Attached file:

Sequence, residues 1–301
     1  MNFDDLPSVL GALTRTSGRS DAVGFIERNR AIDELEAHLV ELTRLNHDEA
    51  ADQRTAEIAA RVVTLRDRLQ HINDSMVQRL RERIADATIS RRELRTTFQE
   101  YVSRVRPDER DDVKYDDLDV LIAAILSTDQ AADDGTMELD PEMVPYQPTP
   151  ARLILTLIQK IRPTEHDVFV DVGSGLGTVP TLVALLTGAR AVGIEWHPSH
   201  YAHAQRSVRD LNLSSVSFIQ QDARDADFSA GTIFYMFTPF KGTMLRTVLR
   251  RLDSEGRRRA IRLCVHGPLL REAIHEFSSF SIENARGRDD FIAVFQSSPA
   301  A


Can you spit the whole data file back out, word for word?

Sequence, residues 1–301
     1  MNFDDLPSVL GALTRTSGRS DAVGFIERNR AIDELEAHLV ELTRLNHDEA
    51  ADQRTAEIAA RVVTLRDRLQ HINDSMVQRL RERIADATIS RRELRTTFQE
   101  YVSRVRPDER DDVKYDDLDV LIAAILSTDQ AADDGTMELD PEMVPYQPTP
   151  ARLILTLIQK IRPTEHDVFV DVGSGLGTVP TLVALLTGAR AVGIEWHPSH
   201  YAHAQRSVRD LNLSSVSFIQ QDARDADFSA GTIFYMFTPF KGTMLRTVLR
   251  RLDSEGRRRA IRLCVHGPLL REAIHEFSSF SIENARGRDD FIAVFQSSPA
   301  A